Jack Ridl of the Hope College English faculty has won the 2001 "Letterpress Chapbook Competition" sponsored by the Center for Book Arts of New York City.

Ridl's winning collection, "Against Elegies," will be published in a letterpress-printed, limited-edition chapbook designed, printed and bound by artists at the Center for Book Arts. There were some 500 entries in the prestigious competition, which was judged by poets Sharon Dolin, who also coordinated the competition, and Billy Collins.

In addition to the publication--limited to 100 signed and numbered copies--Ridl will be honored during a celebration and reading at the center on Thursday, Nov. 1.  He is also receiving a $1,000 combined cash award and honorarium.

Given the level of competition for the award, Ridl noted that he feels honored to have been chosen, adding that he particularly values that Collins, whose work he admires, chose his manuscript. "To have Billy Collins be the one who selected the poems is a wonderful affirmation," he said.

Ridl said that the poems of "Against Elegies" are linked thematically in beginning with everyday objects and situations that have meaning beneath the surface.

"In most of these poems, I start with something that doesn't necessarily look meaningful, and then I'm searching in the poems to find meaningfulness--why it might matter," he said. "And we're surrounded by these things."

The Center for Book Arts is dedicated to preserving the traditional crafts of book-making, as well as exploring and encouraging contemporary interpretations of the book as an art object. Founded in 1974, the non-profit center does its work through exhibitions, publications, lectures, services to artists and classes.

"This is one of many wonderful things about this particular selection, having people who are devoting their lives to creating quality books design and produce the book," Ridl said. "I am very excited by this. Just imagine having a whole cultural institution devoted to preserving quality in making books. I can't wait to see what they come up with."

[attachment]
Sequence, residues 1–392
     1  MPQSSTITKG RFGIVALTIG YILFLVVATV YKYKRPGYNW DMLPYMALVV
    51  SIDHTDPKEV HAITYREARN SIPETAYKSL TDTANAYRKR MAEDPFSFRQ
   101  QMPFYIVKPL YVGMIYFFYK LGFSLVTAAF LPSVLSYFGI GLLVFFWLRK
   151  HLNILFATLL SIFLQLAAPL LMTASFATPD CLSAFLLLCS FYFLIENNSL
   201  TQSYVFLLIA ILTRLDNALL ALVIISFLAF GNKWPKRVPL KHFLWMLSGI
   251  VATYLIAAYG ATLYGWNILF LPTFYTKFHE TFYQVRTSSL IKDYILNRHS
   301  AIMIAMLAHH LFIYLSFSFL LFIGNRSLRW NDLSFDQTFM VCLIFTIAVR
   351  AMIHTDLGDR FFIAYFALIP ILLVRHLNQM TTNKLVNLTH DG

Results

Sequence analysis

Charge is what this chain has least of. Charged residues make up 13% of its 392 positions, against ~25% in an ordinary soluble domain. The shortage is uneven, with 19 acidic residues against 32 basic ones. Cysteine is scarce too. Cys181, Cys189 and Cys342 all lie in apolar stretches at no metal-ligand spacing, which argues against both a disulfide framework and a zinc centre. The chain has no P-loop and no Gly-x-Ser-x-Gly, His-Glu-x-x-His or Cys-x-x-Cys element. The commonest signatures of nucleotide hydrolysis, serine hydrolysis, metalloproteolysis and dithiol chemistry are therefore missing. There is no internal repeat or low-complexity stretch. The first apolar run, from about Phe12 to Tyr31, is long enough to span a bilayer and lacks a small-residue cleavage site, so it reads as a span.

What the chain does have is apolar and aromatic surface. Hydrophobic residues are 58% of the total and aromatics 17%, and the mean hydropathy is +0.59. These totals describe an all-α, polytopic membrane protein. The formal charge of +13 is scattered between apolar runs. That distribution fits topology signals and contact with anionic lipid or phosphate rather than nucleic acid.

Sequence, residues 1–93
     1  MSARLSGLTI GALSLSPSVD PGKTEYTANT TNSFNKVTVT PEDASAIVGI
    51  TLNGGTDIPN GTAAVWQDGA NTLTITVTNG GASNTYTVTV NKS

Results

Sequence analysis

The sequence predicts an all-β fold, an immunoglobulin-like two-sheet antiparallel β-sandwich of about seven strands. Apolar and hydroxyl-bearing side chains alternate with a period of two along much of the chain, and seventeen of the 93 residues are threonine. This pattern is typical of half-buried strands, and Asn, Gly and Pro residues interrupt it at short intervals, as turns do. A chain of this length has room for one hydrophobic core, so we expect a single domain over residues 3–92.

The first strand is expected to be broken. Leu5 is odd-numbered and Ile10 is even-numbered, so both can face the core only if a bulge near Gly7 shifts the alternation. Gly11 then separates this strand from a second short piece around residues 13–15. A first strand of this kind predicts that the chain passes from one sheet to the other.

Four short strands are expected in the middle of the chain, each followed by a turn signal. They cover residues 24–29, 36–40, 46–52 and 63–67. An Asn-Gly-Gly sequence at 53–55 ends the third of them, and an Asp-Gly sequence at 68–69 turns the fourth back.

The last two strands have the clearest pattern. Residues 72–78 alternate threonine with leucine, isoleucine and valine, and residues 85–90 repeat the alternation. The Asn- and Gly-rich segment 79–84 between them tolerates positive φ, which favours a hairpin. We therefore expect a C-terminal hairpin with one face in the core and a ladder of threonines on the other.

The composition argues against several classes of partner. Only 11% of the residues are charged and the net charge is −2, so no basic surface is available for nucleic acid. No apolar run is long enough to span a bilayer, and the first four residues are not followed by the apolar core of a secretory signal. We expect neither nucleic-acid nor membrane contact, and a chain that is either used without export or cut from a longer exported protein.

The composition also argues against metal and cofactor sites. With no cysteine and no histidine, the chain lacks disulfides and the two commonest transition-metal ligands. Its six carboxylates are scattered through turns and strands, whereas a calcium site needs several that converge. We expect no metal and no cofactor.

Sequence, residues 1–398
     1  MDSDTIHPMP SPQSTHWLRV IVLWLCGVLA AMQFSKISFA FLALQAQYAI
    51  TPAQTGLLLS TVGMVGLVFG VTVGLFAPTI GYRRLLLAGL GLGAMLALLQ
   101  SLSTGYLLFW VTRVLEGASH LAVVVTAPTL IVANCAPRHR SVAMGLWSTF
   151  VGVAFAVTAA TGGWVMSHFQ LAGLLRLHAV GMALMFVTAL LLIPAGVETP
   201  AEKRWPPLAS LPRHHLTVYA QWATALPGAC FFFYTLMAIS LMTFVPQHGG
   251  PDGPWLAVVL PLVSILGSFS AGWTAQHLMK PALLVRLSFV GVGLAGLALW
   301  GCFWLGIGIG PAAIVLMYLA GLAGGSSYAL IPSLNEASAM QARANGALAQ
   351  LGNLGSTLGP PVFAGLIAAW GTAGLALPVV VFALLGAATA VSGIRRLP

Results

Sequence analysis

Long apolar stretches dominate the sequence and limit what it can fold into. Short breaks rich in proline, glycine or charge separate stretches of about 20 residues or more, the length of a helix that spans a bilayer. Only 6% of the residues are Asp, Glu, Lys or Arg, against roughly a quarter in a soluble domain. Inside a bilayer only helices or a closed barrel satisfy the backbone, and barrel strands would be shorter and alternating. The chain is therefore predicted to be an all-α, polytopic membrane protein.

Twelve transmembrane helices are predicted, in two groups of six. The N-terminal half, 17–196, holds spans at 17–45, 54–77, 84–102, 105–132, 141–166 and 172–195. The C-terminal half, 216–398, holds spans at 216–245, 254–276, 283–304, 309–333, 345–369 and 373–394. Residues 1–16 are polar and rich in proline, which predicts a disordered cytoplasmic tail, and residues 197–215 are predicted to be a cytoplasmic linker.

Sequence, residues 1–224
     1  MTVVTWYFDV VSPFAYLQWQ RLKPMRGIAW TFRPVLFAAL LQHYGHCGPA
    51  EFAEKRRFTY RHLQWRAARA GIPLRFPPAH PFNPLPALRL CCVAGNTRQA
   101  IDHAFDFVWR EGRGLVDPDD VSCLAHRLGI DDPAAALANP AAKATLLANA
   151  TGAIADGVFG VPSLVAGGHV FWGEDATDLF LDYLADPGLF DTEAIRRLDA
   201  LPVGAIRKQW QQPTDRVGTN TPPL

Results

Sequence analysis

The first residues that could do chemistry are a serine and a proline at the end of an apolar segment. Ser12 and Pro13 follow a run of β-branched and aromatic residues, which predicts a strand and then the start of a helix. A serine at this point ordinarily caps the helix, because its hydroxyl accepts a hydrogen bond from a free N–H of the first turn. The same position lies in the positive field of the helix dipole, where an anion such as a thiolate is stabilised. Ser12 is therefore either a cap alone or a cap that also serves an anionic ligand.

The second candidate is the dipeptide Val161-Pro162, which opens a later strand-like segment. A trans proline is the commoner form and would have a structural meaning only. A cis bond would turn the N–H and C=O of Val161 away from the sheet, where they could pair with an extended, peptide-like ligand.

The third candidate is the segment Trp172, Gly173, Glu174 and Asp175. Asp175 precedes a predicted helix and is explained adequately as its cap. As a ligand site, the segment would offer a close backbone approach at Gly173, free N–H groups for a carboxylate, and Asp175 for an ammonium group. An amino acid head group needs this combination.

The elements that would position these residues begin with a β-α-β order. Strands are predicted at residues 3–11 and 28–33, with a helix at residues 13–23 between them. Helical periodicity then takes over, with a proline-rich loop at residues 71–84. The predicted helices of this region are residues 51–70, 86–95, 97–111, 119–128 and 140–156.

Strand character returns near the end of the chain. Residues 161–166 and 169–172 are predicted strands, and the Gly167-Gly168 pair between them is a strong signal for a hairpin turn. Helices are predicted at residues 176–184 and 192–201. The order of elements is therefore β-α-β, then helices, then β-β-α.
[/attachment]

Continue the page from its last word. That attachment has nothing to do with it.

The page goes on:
Ridl is the author of other published collections including "The Same Ghost" (1985), "Between" (1988), the chapbook "After School" (1987) and "Poems from The Same Ghost and Between" (1993). He has published more than 175 poems in journals such as "The Georgia Review," "Poetry East," "Chelsea," "Gulf Coast," "The Denver Quarterly," "Poetry," "The New York Quarterly," "Ploughshares," "Prairie Schooner" and "FIELD." He has also had work included in several anthologies, and is co-author, with Hope colleague Peter Schakel, of the text "Approaching Poetry:  Perspectives and Responses."

He has read his work and led workshops at colleges, universities, art colonies and other venues around the country. He teaches intermediate and advanced courses in poetry writing at Hope, and also founded the college's Visiting Writers Series.

Among other honors, in 1996 he was chosen Michigan's "Professor of the Year" by the Carnegie Foundation for the Advancement of Teaching. He was named one of eight "New Voices in Michigan Poetry" in 1984, received a Creative Artist Award from the Michigan Council for the Arts in 1988 and has received several nominations for the Pushcart Prize. The college's graduating class of 1975 presented him with the "Hope Outstanding Professor Educator" Award.

As word of his most recent award has spread, Ridl has received a variety of congratulatory notes from colleagues. "I've had so many wonderful messages from friends," he said.

He noted that he has been touched by one in particular, sent by someone who had also entered the competition. "It said, 'Dear Jack: I got a rejection slip today. It's the only one that ever made me happy.'"